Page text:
Sometimes the manipulation can be prolonged and subtle, so that the person is influenced or persuaded to give money away in their lifetime or persuaded to change their Will. Sometimes it isn't until the person passes away that it becomes clear what has been happening.
There may have been fraud committed if, for example, someone forges a signature.
Perhaps you are suspicious that a partner, friend or family member has been manipulating the person to make a Will favouring a certain person, or has perhaps changed their Will to benefit them. Perhaps you think that this might be a case of fraud or elder abuse.
Inheritance (Provision for Family and Dependants) Act 1975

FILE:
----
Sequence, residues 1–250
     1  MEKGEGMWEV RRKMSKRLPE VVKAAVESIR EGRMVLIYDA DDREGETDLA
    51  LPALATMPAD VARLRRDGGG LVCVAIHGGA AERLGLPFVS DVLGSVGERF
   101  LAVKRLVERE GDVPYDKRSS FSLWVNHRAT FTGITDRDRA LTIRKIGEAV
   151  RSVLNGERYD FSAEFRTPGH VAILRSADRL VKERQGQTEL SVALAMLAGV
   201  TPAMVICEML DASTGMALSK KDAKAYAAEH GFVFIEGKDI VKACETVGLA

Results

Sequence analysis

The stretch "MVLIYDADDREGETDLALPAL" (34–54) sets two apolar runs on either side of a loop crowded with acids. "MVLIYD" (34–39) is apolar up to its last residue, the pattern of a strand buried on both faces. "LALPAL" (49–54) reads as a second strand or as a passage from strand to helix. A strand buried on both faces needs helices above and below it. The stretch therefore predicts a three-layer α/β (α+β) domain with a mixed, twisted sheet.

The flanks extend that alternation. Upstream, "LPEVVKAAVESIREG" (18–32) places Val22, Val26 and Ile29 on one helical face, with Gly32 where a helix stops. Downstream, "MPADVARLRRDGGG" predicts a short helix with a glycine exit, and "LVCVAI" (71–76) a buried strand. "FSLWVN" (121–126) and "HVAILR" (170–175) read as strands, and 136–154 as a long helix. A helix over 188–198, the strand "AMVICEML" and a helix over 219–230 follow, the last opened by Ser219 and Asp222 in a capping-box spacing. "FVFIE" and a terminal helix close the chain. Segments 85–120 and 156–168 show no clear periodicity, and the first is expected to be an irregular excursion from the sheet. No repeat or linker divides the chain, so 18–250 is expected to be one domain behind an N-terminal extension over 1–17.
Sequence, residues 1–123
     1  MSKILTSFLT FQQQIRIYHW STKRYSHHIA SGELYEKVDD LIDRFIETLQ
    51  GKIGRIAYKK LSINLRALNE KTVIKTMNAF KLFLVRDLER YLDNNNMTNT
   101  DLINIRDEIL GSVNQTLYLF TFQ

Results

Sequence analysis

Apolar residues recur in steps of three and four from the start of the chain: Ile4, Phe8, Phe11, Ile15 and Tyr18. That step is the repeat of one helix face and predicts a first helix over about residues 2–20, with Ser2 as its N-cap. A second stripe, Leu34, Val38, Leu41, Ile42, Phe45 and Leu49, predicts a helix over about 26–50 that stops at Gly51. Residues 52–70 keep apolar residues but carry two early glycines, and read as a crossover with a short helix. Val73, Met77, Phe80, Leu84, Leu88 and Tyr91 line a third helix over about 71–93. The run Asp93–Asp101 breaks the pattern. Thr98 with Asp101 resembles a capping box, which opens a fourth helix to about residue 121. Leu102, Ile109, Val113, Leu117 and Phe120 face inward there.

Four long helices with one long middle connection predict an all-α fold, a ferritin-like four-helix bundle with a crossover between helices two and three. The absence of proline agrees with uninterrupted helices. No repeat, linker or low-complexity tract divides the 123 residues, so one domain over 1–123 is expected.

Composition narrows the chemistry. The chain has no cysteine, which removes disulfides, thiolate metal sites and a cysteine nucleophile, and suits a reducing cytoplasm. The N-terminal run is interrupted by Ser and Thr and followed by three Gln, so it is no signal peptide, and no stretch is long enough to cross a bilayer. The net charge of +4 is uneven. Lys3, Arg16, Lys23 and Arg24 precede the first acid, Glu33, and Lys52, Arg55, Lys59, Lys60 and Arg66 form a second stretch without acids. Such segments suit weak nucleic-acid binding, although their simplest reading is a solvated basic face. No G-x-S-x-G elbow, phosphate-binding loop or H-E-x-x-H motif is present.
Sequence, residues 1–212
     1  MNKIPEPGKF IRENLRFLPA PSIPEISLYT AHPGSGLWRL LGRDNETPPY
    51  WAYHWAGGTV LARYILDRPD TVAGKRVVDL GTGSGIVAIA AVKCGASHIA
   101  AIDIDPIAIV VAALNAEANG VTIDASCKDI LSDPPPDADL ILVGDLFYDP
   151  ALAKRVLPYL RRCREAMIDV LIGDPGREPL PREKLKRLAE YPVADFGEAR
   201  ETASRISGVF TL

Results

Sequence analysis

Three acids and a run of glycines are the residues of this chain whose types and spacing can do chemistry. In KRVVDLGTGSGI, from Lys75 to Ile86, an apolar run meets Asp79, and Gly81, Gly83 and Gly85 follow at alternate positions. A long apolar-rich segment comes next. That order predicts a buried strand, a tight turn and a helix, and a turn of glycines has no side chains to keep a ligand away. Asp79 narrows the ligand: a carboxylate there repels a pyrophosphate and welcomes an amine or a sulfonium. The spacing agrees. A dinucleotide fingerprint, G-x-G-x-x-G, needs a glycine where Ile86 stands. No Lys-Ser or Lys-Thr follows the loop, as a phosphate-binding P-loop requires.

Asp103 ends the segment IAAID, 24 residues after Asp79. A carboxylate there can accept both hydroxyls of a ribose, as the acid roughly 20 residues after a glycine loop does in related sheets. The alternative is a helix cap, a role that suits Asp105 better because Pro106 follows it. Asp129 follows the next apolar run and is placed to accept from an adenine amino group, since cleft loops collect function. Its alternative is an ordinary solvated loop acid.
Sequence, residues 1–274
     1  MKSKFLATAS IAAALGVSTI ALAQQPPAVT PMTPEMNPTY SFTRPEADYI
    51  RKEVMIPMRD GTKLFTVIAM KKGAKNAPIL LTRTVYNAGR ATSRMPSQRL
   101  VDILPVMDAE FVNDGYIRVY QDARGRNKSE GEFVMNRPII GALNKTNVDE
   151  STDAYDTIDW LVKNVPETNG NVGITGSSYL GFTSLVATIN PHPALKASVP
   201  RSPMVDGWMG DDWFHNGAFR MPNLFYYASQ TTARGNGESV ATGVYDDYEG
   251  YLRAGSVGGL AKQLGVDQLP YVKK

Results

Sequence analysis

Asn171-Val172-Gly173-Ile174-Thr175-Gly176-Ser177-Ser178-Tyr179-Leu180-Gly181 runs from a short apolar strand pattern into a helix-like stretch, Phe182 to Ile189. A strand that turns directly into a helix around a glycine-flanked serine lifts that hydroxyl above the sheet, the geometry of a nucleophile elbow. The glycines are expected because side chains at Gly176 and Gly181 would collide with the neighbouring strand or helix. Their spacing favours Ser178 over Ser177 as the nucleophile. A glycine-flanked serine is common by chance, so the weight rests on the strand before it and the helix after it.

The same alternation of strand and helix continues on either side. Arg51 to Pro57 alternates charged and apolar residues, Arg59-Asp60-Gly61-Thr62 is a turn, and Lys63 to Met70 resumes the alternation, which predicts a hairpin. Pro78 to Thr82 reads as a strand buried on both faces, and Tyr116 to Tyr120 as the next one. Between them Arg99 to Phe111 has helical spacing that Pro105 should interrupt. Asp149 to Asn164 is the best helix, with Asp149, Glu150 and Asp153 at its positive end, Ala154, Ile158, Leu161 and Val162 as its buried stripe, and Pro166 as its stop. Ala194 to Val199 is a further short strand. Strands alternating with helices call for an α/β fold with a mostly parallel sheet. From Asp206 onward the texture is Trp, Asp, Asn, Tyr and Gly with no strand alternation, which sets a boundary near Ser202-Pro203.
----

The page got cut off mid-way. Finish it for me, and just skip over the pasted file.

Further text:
If the Will appears valid and the person knew what they were doing but it still seems unfair to you, it may be that you have a claim under the Inheritance (Provision for Family and Dependants) Act 1975. This act enables a claim to be made by certain people who feel that reasonable provision was not made for them in a Will. This will apply to a spouse, civil partner or former spouse or former civil partner, also to cohabitants, children (including adult children) or people treated as children and dependants of the deceased person.
You must act quickly if you think this applies to you as they are time limited and can only be made within 6 months of the probate, or letters of administration. Otherwise you will need the permission of the court to make a claim.
There are a number of factors to be considered and these are complex claims. It is always worth talking these through with an expert lawyer to understand what your options are
Are there other legal challenges that might help?